Stockley Park, U.K. — (METERING.COM) — September 21, 2012 – Britain’s smart meter rollout could lead to benefits of almost £14 billion through 2030, according to a new report from British Gas and Oxford Economics.
The report, which analyzes the costs and benefits of smart meters from 2012 to 2030, finds that whilst the national rollout to all homes and businesses in the country will cost £11.5 billion, the benefits of smart meters could amount to £25.3 billion – a net gain of nearly £14 billion, and a saving of around £65 on the average household energy bill.
The key benefits are:
- £11.2 billion from consumer energy savings, resulting from greater control and understanding of energy use
- £10.7 billion from efficiency savings for energy suppliers, with the savings passed on to consumers because of the highly competitive nature of the market
- £3.2 billion from generation related savings, due to the lower energy demand.
“Smart meters are good news for households, businesses and Britain – they are fundamentally changing how we use energy, bringing billions of pounds worth of benefits to Britain,” said Dean Keeling, managing director of British Gas Smart Homes. “The facts are plain: smart meters will help people save energy putting money in their back pocket.”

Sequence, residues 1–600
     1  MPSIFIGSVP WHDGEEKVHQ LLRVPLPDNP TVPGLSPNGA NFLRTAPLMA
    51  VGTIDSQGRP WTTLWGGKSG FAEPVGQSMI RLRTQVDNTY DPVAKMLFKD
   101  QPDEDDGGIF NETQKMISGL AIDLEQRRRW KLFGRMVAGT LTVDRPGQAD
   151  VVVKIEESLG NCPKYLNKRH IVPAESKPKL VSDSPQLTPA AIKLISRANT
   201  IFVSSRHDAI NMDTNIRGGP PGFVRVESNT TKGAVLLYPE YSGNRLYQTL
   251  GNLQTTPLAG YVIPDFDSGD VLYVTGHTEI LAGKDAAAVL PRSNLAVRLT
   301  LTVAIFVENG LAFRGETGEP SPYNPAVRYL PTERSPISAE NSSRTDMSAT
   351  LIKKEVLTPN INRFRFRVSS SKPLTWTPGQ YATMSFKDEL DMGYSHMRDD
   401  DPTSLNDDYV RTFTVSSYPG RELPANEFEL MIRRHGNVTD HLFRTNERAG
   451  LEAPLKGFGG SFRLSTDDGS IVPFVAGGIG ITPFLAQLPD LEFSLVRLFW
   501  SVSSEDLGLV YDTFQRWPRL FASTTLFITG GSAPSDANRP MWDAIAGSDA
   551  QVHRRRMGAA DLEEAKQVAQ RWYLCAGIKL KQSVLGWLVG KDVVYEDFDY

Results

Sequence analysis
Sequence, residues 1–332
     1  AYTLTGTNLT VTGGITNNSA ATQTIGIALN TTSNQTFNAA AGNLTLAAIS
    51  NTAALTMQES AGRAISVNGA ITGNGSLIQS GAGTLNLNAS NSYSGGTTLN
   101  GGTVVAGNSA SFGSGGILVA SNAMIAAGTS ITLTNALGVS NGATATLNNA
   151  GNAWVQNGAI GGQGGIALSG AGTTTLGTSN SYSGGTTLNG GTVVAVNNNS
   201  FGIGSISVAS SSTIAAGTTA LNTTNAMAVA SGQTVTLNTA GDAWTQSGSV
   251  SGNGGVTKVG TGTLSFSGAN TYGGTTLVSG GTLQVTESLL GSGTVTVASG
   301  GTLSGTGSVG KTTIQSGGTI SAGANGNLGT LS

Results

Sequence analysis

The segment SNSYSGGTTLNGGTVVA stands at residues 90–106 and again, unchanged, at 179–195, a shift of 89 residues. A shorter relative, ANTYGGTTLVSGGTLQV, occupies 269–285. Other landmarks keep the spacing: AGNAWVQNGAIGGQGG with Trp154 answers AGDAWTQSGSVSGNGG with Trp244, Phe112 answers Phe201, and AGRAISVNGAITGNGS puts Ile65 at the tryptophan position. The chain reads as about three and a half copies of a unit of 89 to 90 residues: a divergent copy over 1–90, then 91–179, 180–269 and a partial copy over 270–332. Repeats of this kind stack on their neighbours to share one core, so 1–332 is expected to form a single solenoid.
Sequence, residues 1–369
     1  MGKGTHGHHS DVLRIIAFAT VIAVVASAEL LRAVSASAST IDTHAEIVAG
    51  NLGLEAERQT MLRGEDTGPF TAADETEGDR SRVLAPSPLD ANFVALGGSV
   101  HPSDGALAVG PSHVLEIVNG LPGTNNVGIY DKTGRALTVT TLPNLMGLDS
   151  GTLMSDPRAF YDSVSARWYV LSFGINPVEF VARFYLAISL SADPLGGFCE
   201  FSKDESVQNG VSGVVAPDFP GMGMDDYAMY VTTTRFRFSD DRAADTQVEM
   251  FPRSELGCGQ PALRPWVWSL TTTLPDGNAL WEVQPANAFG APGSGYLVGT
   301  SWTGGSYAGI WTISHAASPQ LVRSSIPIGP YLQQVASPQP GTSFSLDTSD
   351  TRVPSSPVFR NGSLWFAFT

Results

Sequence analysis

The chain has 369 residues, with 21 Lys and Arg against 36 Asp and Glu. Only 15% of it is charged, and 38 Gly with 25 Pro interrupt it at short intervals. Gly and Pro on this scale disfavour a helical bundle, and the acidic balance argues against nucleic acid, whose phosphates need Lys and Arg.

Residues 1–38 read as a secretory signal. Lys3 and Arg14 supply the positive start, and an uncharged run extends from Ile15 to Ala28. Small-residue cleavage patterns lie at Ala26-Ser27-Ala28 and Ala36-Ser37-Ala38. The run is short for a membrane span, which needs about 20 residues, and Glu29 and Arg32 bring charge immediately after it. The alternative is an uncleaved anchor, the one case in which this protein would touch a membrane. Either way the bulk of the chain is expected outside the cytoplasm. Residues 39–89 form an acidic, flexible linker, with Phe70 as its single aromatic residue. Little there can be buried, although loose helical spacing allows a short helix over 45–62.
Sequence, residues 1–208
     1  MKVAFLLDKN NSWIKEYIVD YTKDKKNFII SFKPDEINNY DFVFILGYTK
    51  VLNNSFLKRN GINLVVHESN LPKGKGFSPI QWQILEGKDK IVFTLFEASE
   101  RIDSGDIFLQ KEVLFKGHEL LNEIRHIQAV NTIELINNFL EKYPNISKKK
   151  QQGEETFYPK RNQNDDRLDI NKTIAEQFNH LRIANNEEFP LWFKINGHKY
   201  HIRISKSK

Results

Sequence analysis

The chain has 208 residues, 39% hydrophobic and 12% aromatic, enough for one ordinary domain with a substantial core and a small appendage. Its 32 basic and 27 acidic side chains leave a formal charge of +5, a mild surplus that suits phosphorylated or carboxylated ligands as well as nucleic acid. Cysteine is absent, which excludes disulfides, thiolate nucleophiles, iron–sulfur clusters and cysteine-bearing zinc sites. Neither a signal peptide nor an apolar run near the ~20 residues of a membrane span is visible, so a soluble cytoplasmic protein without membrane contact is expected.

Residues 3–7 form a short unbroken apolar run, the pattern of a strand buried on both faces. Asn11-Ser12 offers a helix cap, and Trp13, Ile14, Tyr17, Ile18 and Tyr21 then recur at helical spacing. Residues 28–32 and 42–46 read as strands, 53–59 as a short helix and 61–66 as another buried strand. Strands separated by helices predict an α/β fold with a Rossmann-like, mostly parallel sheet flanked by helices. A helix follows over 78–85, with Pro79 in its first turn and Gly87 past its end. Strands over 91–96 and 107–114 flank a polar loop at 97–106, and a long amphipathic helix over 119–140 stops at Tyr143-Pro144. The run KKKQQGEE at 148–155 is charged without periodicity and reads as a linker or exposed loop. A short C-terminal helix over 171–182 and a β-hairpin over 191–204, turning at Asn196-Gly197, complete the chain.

Of the savings, £21.8 billion will come from households and £3.5 billion from small businesses.
The smart metering costs are those from the Department of Energy and Climate Change (DECC).
The calculation for consumer energy savings was based on a “conservative” 5 percent reduction in electricity and gas use by residential consumers and just under 5 percent for businesses.
The figure of almost £14 billion in net benefits is almost double the £7.2 billion benefit estimated in the DECC’s latest impact assessment. However, a detailed comparison will be necessary to determine where the assessments differ.
The British government requires all homes and businesses to have a smart meter installed by 2019. British Gas has installed over 600,000 smart meters so far.